Especially interesting to me was the argument at Galileo's time of how atomism (the view that there were fundamental particles that made up all matter) was considered heresy in view of the transubstatiation of bread and wine into the Body and Blood of Christ (meaning that such actually became the Body and Blood ALL the way down forever). The politics within and outside the Church REQUIRED a confession from Galileo and he HAD to suffer some punishment. In "Dream" if Galileo had persisted in his claim that his "Dialogues" which contrasted the Aristolean and Copernican views actually were arguments for the former despite it being supported by the character Simplicio, then he would have been brought up on charges of heresy due to his support of atomism (which was one of the charges that got Giordano Bruno burned at the stake within Galileo's adulthood). I do not know how true this argument was, and any of Galileo's papers which survived certainly would NOT include any of this as he had been forbidden by the Church to even speculate on such matters.

"Galileo's Dream" is an unsettling book. Certainly required reading if Robinson is among your authors, but I am hard-pressed to say that I had enjoyed this.
Old Yoda agitator
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'Anthropocene or Capitalocene?
Nature, History, and the Crisis of Capitalism'
(Open access book) http://arena-attachments.s3.amazonaws.com/772469/2f4f13a96536be79f602f1906d5d5660.pdf

“A revolutionary new phase of earth history, the Anthropocene, has been unleashed by human action, and the prospects for this blue sphere and the mass of humanity are not good. We had best start thinking in revolutionary terms about the forces turning the world upside down if we are to put brakes on the madness. A good place to begin is this book, whose remarkable authors bring together history and theory, politics and ecology, economy and culture, to force a deep look at the origins of global transformation. In short, the enemy to be met is not us, dear Pogo, but capitalism, whose unrelenting exploitation of (wo)man and nature is driving us all to the end(s) of the earth.”
—Richard Walker, professor emeritus of geography, University of
California
TOS
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Old Yoda posted:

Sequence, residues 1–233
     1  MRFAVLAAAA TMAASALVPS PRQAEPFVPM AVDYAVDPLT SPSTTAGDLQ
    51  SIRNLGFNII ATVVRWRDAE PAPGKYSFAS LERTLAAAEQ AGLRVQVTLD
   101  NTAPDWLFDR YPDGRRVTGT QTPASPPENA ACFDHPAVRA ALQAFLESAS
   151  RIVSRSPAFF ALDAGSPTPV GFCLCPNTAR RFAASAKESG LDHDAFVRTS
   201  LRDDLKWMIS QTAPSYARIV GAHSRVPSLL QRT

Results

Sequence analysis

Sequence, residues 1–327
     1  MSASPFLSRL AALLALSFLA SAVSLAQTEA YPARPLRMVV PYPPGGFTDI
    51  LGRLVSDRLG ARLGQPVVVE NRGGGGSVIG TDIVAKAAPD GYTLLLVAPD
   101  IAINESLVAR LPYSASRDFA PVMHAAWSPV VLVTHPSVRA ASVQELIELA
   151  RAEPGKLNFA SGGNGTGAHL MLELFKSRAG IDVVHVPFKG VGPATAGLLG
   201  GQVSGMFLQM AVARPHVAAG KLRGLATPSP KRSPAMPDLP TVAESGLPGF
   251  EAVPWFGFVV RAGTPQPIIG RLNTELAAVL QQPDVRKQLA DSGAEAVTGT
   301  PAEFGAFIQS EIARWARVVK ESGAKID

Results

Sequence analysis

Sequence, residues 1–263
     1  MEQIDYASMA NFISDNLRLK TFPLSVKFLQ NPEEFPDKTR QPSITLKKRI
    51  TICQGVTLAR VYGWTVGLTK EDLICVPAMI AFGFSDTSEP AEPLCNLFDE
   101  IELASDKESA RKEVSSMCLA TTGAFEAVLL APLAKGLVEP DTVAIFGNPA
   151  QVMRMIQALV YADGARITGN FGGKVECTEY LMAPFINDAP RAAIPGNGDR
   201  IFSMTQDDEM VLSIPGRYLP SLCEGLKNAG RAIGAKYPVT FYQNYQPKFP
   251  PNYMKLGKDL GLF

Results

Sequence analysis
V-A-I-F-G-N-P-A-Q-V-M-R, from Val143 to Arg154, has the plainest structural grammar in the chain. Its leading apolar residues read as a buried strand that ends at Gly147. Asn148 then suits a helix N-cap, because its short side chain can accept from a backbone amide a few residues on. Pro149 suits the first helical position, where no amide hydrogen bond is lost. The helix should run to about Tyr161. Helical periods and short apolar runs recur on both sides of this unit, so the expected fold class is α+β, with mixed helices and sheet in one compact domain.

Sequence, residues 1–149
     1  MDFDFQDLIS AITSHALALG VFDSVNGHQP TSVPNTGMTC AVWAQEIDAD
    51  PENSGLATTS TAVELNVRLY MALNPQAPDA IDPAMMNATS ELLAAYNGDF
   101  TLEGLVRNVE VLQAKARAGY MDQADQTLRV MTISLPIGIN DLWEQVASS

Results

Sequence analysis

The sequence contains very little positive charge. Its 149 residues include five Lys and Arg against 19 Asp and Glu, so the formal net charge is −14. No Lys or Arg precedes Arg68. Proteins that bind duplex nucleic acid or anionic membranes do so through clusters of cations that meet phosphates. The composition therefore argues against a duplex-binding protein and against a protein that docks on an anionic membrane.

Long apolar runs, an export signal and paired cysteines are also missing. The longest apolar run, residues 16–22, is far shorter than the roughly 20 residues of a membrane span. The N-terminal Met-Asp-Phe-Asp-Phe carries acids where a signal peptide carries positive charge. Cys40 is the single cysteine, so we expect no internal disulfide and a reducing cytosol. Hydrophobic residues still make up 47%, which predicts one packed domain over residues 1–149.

'Anthropocene or Capitalocene?
Nature, History, and the Crisis of Capitalism'
(Open access book) http://arena-attachments.s3.amazonaws.com/772469/2f4f13a96536be79f602f1906d5d5660.pdf

“A revolutionary new phase of earth history, the Anthropocene, has been unleashed by human action, and the prospects for this blue sphere and the mass of humanity are not good. We had best start thinking in revolutionary terms about the forces turning the world upside down if we are to put brakes on the madness. A good place to begin is this book, whose remarkable authors bring together history and theory, politics and ecology, economy and culture, to force a deep look at the origins of global transformation. In short, the enemy to be met is not us, dear Pogo, but capitalism, whose unrelenting exploitation of (wo)man and nature is driving us all to the end(s) of the earth.”
—Richard Walker, professor emeritus of geography, University of
California


hm, nice, looks mighty interesting
Galileo's Revenge: Junk Science in the Courtroom by Peter Huber.

Not very well written but very influential book on the use and abuse of expert witnesses in courts of law.
This post is only peripherally related to reading.

After starting the Aubrey and Maturin series of books by Patrick O'Brian (which I first reviewed here), I went out to my local Barnes & Nobles stores to find the other 20 books in the series. I managed to find only 10 of them and I have read the series up to book 6 because the other 4 volumes I picked up are from later in the series. I have waited for months to see if my B&Ns might put on their shelves any more from the series, but all I have seen have been the same books, some with rather badly torn corners.